I haven't addressed what I consider a detail in your question, that the moon would be an induced magnetic dipole, because ferromagnetism is another layer of messiness. I can tell you with confidence that you wouldn't be able to induce $m_\text{moon} = m_\text{earth}$, so you'd need an even bigger dipole at the earth to make the product $m_\text{moon}m_\text{earth}$ come out right. It might be that the strength of the induced dipole would also depend on the earth-moon separation, in which case it's quite possible that there would be no stable orbit at all.

It's also worth pointing out again that if we relax our assumptions that the lunar dipole is exactly antiparallel the the terrestrial dipole, and that the orbit takes place exactly in the plane of the equator, we lose the "nice" $1/r^4$ force. I have no idea whether this "nice" orbit is stable either.

What's happening here is that the magnetic force is a second-order effect of electromagnetism. It makes a huge difference that the force between two dipoles falls off like $1/r^4$ instead of $1/r^2$.


It occurs to me that it'd make more sense to compare this magnetic dipole to another astrophysical magnetic field, rather than to a laboratory field made of coils and currents. Typically the Earth's natural magnetic field is about 50 μT at the surface (about half a gauss). If the dynamo generating the "earth's" magnetic field were smaller than the radius of the earth, so that we could use the dipole field approximation at the surface, the field I've computed above would have strength $\sim 10^{3}$ T at one $R_\text{earth}$ from the center. This is essentially the same field strength as a magnetar: a magnetar may have a surface field of $10^8$–$10^{11}$ T, but they also typically have radii of $10^{-3}R_\text{earth}$.

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Does the $1/r^4$ nature of the magnetic force create any issues with orbit stability? I vaguely remember hearing something related to that in one of my classes. Can't remember enough specifics to know if that was actually what my teacher meant. –  Joshua May 23 at 14:53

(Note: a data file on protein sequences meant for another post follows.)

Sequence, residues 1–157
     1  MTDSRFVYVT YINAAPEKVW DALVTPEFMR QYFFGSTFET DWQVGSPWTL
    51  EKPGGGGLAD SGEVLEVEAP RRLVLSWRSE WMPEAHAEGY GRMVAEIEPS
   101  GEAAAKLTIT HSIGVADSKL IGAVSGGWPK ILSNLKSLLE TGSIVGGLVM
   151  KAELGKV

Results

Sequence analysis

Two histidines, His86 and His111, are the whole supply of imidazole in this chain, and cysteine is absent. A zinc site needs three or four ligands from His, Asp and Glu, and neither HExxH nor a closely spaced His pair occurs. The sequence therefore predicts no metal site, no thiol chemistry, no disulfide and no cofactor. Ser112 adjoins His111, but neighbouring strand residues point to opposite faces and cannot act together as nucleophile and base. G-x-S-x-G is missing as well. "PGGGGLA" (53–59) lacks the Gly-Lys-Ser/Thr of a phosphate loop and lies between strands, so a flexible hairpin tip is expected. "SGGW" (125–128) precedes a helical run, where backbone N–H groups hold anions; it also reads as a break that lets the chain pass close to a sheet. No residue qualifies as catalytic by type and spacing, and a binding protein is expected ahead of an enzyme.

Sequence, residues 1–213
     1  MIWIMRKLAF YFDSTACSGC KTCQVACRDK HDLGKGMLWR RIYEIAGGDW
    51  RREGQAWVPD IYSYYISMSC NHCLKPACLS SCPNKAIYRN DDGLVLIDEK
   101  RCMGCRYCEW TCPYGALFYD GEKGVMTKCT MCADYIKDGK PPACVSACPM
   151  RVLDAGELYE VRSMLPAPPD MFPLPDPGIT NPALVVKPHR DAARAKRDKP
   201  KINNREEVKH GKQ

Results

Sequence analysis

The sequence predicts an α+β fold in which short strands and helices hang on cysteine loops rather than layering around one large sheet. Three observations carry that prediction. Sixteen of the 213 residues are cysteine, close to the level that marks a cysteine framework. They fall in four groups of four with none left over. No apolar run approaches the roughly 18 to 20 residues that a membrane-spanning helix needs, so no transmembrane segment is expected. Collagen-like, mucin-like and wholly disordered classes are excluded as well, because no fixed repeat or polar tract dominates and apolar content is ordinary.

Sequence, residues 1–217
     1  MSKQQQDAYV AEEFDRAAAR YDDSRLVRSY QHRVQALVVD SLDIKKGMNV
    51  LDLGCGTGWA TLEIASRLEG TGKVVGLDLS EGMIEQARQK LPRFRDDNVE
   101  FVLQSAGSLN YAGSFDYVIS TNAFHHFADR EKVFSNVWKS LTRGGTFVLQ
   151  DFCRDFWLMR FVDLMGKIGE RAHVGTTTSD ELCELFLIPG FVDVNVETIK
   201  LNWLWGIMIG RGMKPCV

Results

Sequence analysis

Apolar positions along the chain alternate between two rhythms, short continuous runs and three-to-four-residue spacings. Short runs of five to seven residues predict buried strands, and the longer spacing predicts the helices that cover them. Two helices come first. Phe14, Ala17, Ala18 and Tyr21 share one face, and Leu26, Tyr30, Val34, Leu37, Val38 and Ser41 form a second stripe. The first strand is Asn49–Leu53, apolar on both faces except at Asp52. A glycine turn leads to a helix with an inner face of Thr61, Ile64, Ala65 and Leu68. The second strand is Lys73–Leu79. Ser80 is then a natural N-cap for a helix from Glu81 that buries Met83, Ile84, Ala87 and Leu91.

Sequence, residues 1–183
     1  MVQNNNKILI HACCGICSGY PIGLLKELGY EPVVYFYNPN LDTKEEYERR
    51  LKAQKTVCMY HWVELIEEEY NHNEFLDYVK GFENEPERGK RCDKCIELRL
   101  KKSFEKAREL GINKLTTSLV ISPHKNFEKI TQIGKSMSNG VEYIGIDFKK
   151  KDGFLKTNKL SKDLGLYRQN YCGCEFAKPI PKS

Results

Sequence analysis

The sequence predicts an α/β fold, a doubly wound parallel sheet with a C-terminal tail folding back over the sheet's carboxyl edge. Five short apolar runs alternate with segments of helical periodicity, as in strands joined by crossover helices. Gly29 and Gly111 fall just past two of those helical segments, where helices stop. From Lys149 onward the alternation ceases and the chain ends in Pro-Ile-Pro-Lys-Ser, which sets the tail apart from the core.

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@Joshua I had the same memory. I think you only get closed elliptical orbits for forces proportional to $r^n$ where $n$ is $+1$ or $-2$; for other such forces you get pericenter precession, even if you only have two interacting bodies. The moon's perigee precesses like crazy because of interactions with the rest of the solar system, so I left that detail out. –  rob May 23 at 15:15
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Thank you for your answer I can see you put some effort on in. I'll need to do some studying before I can fully understand it, so I'll keep the question open in the mean time. Anyways, I thought you may appreciate some feedback. –  harogaston May 23 at 16:33
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@rob, for electrostatic attraction or repulsion, would ions work just as well (just a lot heavier)? Say, to counteract the Sun's increasing luminosity (and the effect of man's greenhouse gas emissions), could you effectively weaken solar gravity and move the Earth farther away by dumping X tons of positive ions on the Earth, and equal amount into the Sun, and discard the electrons somewhere in space? Would that be quickly neutralized or shielded in some way? Just a thought experiment... –  Phil Perry May 23 at 17:03
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@PhilPerry The near-vacuum of the interplanetary medium is a weakly conducting plasma, so I think it's impossible to give any celestial object a permanent net charge. I could expand more in answer to a separate question. –  rob May 23 at 17:17